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Real-world roughness is substantially more complicated than the present case of one or two individual sinusoids. It may take as many as 16 modes (Mejia-Alvarez and Christensen [44]) to accurately reproduce mean-flow quantities of interest for rough-**wall** **boundary** layers. Due to the nominally-linear nature of the **boundary** condition, it is proposed that the e ff ects of a number of these simple roughnesses can be linearly superposed to predict the behavior of a real-world roughness in **wall**- bounded flow. The validity of such linear superposition is consistent with the results of the R2M case, where the individual scale modulation plots of the streamwise- only mode and of the spanwise-only mode were well predicted by their respec- tive ζ calculations. The lack of fidelity between ζ and scale modulation for static wavenumbers which are not directly imposed does point to a gap in the modelling procedure, but this may not be so significant for real world flows, where roughness exhibits a broad range of wavenumbers. In those circumstances, the mechanism for scale modulation modelled here may dominate the mechanisms for scale modula- tion at harmonic static wavenumbers which are not captured. Roughnesses outside the “**wavy**-**wall**” regime have also not been evaluated within this framework. The steeper slopes associated with shorter wavelengths may cause a persistent separa- tion bubble which would introduce more scales into the flow at the **wall**.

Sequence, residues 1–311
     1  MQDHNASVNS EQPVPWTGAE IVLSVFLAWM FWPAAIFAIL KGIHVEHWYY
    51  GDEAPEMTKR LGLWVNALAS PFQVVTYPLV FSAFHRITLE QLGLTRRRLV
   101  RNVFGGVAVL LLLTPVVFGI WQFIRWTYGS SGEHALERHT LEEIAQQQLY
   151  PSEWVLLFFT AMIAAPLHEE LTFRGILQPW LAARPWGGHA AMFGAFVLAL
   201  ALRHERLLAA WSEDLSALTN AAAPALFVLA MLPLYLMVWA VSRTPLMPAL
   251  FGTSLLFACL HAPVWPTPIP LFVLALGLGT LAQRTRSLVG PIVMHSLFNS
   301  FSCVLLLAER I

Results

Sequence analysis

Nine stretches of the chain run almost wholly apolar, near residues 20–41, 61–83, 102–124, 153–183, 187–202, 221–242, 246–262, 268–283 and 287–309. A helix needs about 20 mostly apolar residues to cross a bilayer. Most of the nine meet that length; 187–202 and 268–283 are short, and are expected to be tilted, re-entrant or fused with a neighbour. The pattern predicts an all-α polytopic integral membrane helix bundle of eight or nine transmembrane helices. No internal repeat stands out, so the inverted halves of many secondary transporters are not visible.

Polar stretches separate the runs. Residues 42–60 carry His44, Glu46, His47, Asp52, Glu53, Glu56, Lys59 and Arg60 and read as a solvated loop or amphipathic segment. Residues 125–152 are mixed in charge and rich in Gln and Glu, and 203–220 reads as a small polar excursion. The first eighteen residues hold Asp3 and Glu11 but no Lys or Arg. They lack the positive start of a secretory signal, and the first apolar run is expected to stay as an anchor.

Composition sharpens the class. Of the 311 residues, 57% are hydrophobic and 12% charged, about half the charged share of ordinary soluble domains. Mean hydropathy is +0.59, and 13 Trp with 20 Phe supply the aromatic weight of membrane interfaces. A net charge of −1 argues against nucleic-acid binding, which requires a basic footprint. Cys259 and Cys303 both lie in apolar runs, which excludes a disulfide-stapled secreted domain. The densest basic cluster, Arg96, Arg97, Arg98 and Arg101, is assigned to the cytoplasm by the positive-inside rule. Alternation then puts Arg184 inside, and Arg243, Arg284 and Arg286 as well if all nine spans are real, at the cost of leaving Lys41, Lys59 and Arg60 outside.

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are shown in Figures 10-12. Prediction of the phase shift is satisfactory. The predicted magnitude of the perturbed skin friction is twice as large as that measured. As [r]

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The no-relaxation model predicts the correct qualitative behavior for the phase shift of the surface normal stress for a wide range of positive and negative wave [r]